At block 408 a “for” loop is defined. If “i” is less than the total number of events in the dictionary (block 408:Yes), then the values of Bitmap(i) and Countmap(i) are copied into merged bitmap entry Mrg_bitmap(i) and merged bitmap entry Mrg_Cmap(i), respectively (block 409). A determination is made as to whether the current bitmap (i.e., that received from the most recently received packet) yields the “ith” event for the first time (block 418). Specifically, if Bitmap(i)>0 (meaning that event “i” is triggered by the current test pattern) (block 418:Yes), Newbits(i) is set to 1, FirstFound(i) is set to the value of “k” (with “k” being the next name to be used in renaming the test sequences), “flag” is set to 1 (true) to indicate that the current test sequence yields new events (new bits), and Autograde(i) is set to the value of “k” (block 420). If event “i” was not triggered by the current test pattern (block 418:No), Newbits(i) and FirstFound(i) are set to undef (block 422). This loop continues its “new bits” determination by incrementing “i” (block 415) and retesting the loop condition at block 408.
Following the termination of this first loop (block 408:No), “flag” is then tested for truth (block 434). If “flag” reads true (block 434:Yes), then starting parameters and whatever test pattern information needed to recreate the same results is then recorded (for subsequent use) (block 436). Preferably, this test pattern and state information will be stored in some kind of indexed arrangement, such as in a file that is located in a directory that has a name based on the label (“k”) of the current test pattern. For example, a test pattern labeled “104” could be stored in a hierarchical directory “00/00/01/04” (creating a multi-level directory structure based on groups of digits, in this way, enhances the efficiency of locating a given test pattern). After the test pattern information is stored, “k” is incremented (block 437). The maximum number of the digits in k can be computed from the decimal representation of the number of digits in the size of the dictionary. Since the dictionary is fixed by the first testcase, this maximal number of digits can be determined at the time of the first testcase being processed.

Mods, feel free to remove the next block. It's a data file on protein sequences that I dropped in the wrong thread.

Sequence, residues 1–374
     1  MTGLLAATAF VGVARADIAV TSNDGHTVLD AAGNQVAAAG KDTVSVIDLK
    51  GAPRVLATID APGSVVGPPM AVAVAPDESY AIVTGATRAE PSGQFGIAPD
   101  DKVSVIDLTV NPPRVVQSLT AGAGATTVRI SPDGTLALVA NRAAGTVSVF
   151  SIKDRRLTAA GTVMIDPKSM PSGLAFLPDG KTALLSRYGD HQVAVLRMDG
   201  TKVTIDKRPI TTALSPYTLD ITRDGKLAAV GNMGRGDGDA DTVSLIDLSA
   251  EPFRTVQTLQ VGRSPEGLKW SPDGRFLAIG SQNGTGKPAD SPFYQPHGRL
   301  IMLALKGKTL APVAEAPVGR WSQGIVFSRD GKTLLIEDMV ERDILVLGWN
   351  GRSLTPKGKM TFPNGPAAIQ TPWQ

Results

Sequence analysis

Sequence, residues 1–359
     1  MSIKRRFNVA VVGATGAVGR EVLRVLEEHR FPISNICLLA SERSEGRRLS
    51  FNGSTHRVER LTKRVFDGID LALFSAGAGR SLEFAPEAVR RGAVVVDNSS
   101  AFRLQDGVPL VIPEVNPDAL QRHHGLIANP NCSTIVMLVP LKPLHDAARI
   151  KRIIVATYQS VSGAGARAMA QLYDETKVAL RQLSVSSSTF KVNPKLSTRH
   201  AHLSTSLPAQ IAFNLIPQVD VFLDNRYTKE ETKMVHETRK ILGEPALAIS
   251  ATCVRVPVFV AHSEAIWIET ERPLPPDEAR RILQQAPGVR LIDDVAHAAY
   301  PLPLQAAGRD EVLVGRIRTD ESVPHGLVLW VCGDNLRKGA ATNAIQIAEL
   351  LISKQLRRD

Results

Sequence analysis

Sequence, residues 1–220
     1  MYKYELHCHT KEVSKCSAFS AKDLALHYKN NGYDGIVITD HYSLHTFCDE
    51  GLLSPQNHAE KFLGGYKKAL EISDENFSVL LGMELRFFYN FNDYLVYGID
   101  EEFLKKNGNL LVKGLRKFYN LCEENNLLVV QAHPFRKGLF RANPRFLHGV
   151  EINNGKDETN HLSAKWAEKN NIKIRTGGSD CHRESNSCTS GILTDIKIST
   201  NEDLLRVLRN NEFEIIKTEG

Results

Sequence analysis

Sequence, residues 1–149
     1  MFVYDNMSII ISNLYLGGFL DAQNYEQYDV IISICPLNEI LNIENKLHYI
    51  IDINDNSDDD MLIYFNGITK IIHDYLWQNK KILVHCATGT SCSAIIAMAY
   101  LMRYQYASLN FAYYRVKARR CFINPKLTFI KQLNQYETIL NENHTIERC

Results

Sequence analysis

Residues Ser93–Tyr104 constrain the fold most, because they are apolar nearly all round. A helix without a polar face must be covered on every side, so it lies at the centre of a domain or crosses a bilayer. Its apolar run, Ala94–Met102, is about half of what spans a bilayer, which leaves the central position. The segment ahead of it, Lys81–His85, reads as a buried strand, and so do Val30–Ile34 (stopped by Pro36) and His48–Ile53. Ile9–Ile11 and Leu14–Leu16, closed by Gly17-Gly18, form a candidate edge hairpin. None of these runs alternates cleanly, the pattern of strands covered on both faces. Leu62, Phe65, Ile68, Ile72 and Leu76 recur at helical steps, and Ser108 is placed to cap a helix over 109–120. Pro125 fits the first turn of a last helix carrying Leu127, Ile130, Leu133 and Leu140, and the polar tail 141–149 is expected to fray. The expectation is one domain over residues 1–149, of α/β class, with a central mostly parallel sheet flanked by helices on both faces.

Following block 437, or if “flag” was false at block 434, execution proceeds to block 503, where a determination is made as to whether a sufficient level of coverage has been reached (as discussed above in connection with the calculation of “norm” and “coverage percentage”). If a sufficient coverage level has not yet been reached (block 503:No), the next packet from a frontend computer is read (block 504). Next, a loop counter variable “i” is initialized to zero and a Boolean flag, “flag,” is set to false/zero (block 546).